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Bullying and Your Special Needs Child

By Judith Greenberg, Ph.D.
President, School Finders, LLC

No matter what grade your student is in this year, or what the school psychologist decides the testing shows to be your child's special needs, no student should be bullied. Students with disabilities are often targeted by students who may or may not also be having difficulties in school. These students may manage to stay out of trouble or under the "radar" of teachers and staff members. Bullying can take place in many places within the school building and outside of the building. School buses and bus stops are prime areas for bullying as well. So what exactly is bullying? How do we define an act of bullying? How do we prevent further bullying and how do we deal with bullying in schools?

Bullying is not wanted, it is usually aggressive, creates a power imbalance, it can be repeated, threatening, and involve rumors. It can be physical, verbal, in the open or behind the back of a student. It can happen in grades pre-kindergarten through High School. In today's high tech climate, bullying very often happens at night in a student's home setting and several students may be online sending texts, emails, and pictures that are cruel and hurt a student.

Children of all ages want to be liked and to have friends: getting a cruel message from one or more students can make sleeping very difficult and attending school the next day is very hard. Fear is hard to discuss with parents and teachers and going to school afraid is very difficult. Years ago, passing a note to torment a student was considered very mean, today cyber bulling is way beyond passing a note. Parents need to be vigilant about children's cyber activities.

Age is not an issue, younger children are involved earlier and earlier. I spoke with a third grader in a private school who told me her school had a triangle of social status that represented the students who were the best and most liked students and these were at the top of the triangle. There was no middle level, just the rest of the students who were not athletes, and the ones in special needs classes. These students were considered to be "less" than top tier and were determined by cyber discussions to be not as socially accepted by students. I asked my young friend, "what if one of the lower rung students is you neighbor, can you play with her or go to her birthday party?" The answer shocked me: "no, I couldn't or I would go to the lower level." Fortunately, her family took her out of that school. This type of classifying students happens in many schools and students, especially students with special needs and disabilities are then targets of bullying.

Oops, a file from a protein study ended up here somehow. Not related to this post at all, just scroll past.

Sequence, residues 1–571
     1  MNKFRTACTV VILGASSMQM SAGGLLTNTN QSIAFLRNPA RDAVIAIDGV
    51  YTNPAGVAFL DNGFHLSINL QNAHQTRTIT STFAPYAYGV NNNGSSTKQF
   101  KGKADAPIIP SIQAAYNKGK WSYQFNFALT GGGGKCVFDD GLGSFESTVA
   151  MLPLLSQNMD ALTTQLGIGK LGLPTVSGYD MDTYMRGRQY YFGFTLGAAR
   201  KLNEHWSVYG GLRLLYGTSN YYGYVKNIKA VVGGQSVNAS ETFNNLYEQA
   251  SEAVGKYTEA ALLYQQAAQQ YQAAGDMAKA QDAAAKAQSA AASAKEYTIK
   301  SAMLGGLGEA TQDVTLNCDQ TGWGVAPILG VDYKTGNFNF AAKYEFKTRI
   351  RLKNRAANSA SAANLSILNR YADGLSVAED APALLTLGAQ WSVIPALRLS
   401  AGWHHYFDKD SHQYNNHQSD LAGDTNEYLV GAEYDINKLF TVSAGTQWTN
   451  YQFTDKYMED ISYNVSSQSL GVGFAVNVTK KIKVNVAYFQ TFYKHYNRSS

Physical bullying can be worse in that students are both physically and emotionally hurt and may also face retaliation from school officials, parents, and friends. It is difficult to categorize what makes for a physical bullying episode but most schools would define it by involving touching, hitting, throwing, spitting, pushing, pulling out chairs, tripping and other aggressive physical actions. These are actions aimed at fellow students and often teachers.

Students with disabilities are often impulsive and in situations where another student makes a face or whispers a nasty comment, the disabled student may lose his/her temper and react quickly and impulsively by hitting or spitting to get back at the student.

Unfortunately, it is often the disabled student who is caught and disciplined and often suspended. This makes the situation more difficult for the returning student who must face the classmates who know what really happened. It is very difficult to catch up both in class work and with the rhythm of the class. Students with disabilities need help from school and family to be prepared with appropriate methods of dealing with bullies and understanding that not all classmates will be nice but you do not need to return poor behavior. You are always in charge of your good behavior and you can speak to the teacher or guidance counselor before you get into trouble. Practicing at home and even roleplaying will help your child to deal with bullies at school and on the bus.

School personal do try hard to keep schools free of bullying. No one can make a one-hundred percent pledge to any parent, however, every school has a program and policy set by the school district. When your special needs child enters a new school or starts the new school year, ask to see a copy of this bullying policy. Be prepared to support your child and to help yourself. All schools have counselors, psychologists, pupil personnel workers, etc., who can help your family deal with a bullying situation. It is important to push for help for your child. Community services for your school can be found online, the list is long and very helpful.

Dr. Judith Greenberg is the Director of School Finders, LLC, an educational consulting firm in the Washington, DC metro area. School Finders works with families across the country to find the best schools for their Kindergarten through college age students, or as they seek to implement home schooling.


Disclaimer: Internet Special Education Resources (ISER) provides this information in an effort to help people find the right help for their special needs children and teens. ISER does not recommend or endorse any particular special education referral source, type of special education professional, specific special education professional, or educational methods.

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